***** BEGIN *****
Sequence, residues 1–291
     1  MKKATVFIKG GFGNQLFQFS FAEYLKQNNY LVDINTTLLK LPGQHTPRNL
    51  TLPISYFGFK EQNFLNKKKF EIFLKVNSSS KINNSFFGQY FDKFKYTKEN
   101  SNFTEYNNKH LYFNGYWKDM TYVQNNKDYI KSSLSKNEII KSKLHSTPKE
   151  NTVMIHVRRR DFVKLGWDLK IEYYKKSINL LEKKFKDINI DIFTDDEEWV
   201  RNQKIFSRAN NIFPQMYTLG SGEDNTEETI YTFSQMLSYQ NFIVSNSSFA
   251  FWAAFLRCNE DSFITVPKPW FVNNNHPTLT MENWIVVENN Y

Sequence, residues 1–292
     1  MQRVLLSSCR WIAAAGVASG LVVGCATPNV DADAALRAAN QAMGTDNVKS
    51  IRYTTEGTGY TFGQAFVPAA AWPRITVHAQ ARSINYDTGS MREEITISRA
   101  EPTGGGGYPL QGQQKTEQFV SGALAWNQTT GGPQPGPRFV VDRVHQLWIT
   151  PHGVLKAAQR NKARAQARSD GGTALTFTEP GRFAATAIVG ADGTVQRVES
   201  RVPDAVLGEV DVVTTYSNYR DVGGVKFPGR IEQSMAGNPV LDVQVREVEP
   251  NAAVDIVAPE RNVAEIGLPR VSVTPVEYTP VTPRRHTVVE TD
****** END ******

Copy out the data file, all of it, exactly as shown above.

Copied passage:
Sequence, residues 1–291
     1  MKKATVFIKG GFGNQLFQFS FAEYLKQNNY LVDINTTLLK LPGQHTPRNL
    51  TLPISYFGFK EQNFLNKKKF EIFLKVNSSS KINNSFFGQY FDKFKYTKEN
   101  SNFTEYNNKH LYFNGYWKDM TYVQNNKDYI KSSLSKNEII KSKLHSTPKE
   151  NTVMIHVRRR DFVKLGWDLK IEYYKKSINL LEKKFKDINI DIFTDDEEWV
   201  RNQKIFSRAN NIFPQMYTLG SGEDNTEETI YTFSQMLSYQ NFIVSNSSFA
   251  FWAAFLRCNE DSFITVPKPW FVNNNHPTLT MENWIVVENN Y

Sequence, residues 1–292
     1  MQRVLLSSCR WIAAAGVASG LVVGCATPNV DADAALRAAN QAMGTDNVKS
    51  IRYTTEGTGY TFGQAFVPAA AWPRITVHAQ ARSINYDTGS MREEITISRA
   101  EPTGGGGYPL QGQQKTEQFV SGALAWNQTT GGPQPGPRFV VDRVHQLWIT
   151  PHGVLKAAQR NKARAQARSD GGTALTFTEP GRFAATAIVG ADGTVQRVES
   201  RVPDAVLGEV DVVTTYSNYR DVGGVKFPGR IEQSMAGNPV LDVQVREVEP
   251  NAAVDIVAPE RNVAEIGLPR VSVTPVEYTP VTPRRHTVVE TD